Ben Aris -
There's still some way to go before Ukrainian banks look more like their Western peers, but they're getting there, fast.
Banks across Central and Eastern Europe are growing at exponential rates, but Ukraine's growth is amongst the fastest. Fast growth in balance sheets is the order of the day, driven by a burgeoning in retail lending.
Banks are being lifted by the general rising tide of economic growth. While gross domestic product (GDP) slumped during the Orange Revolution from a heady 12% in 2004 to under 3% in the first quarter of 2005, just as Viktor Yushchenko took over the reigns of power the economy stalled as businessmen universally put investment plans on hold until some political clarity returned it has recovered swiftly; this year GDP growth was up to 6.2% over the first nine months of this year, while foreign direct investment ballooned by 240% year-on-year to $3.6bn ensuring the continuation of the recovery.
Happily, the impressive economic growth has yet to feed through to inflation. Official wage growth is running at over 28% year-on-year and average wages are now about $156 per month, underpinning the retail business, but inflation remains at a moderate 5.8% over the first nine months of this year, down from its end-2005 rate of 10.3%.
The one bugbear is the appearance of a trade deficit when exports tanked during the Orange Revolution following several years of health surpluses. But the resumption of growth has eaten into this deficit, which narrowed to $100m by October and is on course to go into surplus next year.
Ukraine suffers form the classic emerging market problems: bank penetration is low but on a par with other countries in the region; banks are growing fast as they are starting from such a low base; and loans and deposits as a proportion of GDP were a miserable 34% and 32%, respectively, in 2005 whereas these numbers are in triple figures in Western economies.
Retail banking is the fastest growing segment, with balance sheets doubling in size in the last year. Retail loans (including mortgages) now make up nearly a third of all lending by banks, from next to nothing a few years ago.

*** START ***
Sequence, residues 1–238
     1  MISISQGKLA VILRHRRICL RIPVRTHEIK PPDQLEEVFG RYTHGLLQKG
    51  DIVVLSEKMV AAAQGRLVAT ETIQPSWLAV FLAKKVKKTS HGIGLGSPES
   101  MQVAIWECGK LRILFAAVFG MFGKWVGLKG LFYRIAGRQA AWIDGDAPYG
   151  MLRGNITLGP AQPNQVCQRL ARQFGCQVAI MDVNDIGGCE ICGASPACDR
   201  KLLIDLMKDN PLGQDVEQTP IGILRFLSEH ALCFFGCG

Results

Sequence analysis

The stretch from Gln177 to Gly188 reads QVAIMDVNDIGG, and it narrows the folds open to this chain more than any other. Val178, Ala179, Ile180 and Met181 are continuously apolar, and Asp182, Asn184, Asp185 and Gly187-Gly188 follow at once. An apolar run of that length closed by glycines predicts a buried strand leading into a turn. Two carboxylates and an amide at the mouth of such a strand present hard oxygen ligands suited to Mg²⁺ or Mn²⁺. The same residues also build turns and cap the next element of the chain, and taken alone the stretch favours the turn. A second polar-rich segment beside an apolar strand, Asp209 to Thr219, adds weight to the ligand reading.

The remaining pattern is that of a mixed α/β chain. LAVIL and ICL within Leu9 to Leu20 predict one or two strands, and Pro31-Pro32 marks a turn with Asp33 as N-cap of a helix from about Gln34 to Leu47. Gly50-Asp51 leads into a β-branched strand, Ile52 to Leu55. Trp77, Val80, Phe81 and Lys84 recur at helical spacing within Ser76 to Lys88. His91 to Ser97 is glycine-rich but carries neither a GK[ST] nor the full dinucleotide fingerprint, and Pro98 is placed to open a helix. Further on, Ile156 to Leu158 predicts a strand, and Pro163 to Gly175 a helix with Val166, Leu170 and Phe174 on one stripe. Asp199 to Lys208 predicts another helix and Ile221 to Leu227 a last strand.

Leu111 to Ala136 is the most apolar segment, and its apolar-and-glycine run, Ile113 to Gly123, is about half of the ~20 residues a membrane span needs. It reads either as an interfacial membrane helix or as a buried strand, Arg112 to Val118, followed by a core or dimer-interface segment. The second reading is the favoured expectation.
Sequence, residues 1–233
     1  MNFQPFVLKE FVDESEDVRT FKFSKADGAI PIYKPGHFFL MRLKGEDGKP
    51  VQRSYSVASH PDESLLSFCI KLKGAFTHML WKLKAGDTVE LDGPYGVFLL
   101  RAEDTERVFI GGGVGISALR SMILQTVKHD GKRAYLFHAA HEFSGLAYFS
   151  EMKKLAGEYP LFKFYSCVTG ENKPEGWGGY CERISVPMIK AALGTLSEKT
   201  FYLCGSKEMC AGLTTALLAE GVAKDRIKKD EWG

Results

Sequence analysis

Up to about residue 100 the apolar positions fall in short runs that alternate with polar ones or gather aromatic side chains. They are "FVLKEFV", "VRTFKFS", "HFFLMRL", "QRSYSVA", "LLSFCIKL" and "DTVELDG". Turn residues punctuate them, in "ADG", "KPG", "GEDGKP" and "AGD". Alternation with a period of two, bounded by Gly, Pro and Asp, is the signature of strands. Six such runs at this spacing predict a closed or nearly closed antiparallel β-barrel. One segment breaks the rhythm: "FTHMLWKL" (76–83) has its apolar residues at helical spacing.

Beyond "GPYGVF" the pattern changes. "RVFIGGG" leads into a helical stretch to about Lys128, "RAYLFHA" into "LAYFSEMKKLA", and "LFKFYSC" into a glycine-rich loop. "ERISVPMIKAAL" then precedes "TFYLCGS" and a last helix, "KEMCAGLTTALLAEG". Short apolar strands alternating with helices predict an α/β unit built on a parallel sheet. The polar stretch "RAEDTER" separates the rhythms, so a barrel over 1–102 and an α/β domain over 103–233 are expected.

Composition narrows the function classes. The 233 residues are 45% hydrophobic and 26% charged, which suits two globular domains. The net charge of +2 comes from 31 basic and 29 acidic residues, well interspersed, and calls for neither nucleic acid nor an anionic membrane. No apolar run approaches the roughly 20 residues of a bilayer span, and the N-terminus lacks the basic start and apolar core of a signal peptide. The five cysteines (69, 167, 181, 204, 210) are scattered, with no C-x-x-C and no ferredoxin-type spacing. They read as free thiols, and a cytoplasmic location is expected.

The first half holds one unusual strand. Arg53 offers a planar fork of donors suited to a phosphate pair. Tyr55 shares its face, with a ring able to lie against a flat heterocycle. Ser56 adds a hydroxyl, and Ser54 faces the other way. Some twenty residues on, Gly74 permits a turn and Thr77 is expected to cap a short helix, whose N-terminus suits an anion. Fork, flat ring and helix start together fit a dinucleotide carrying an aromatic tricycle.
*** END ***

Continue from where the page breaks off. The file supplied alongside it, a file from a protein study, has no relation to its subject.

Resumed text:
However, as all of Ukraine's biggest banks are associated with one of the business "clans" that have divvied up the economy, corporate lending remains the bigger business: corporate loans account for 70% of the sector's average loan portfolio.
Foreign currency still plays too large a role in the economy for government central bankers to be sanguine half of all borrowing in Ukraine is in dollars but the share of hard currency debt is falling as the held its value against the stronger currencies of the West for several years now (despite a brief wobble during the height of the Orange Revolution at the start of 2005).
However, the banking sector remains very fragmented. There are currently a total of 169 banks in Ukraine, but unlike Russia there is no dominate banking group.
The state failed to exploit the virtual monopoly that Soviet-era banks like Oschadny Bank (the Ukrainian branch of Russia's Sberbank) enjoyed over retail banking, and commercial banks like market leaders Privatbank and Aval Bank quickly filled this gap to take a 9-12% share of the total sector assets, according to Renaissance Capital.
The sector has begun to transform with a string of acquisitions in the last year with foreigners prepared to pay astronomically high prices going for as much as 6x book value in the case of French bank Credit Agricole's purchase of Indexbank in March. Half a dozen deals have been done in the last year and more are expected as the only cap on the ongoing rapid growth is the banks' ability to boost their capital.
However, there is still a lot of work to do before Ukrainian banks start to look more like their Western peers. The transparency of banks is typically poor and risk management shoddy.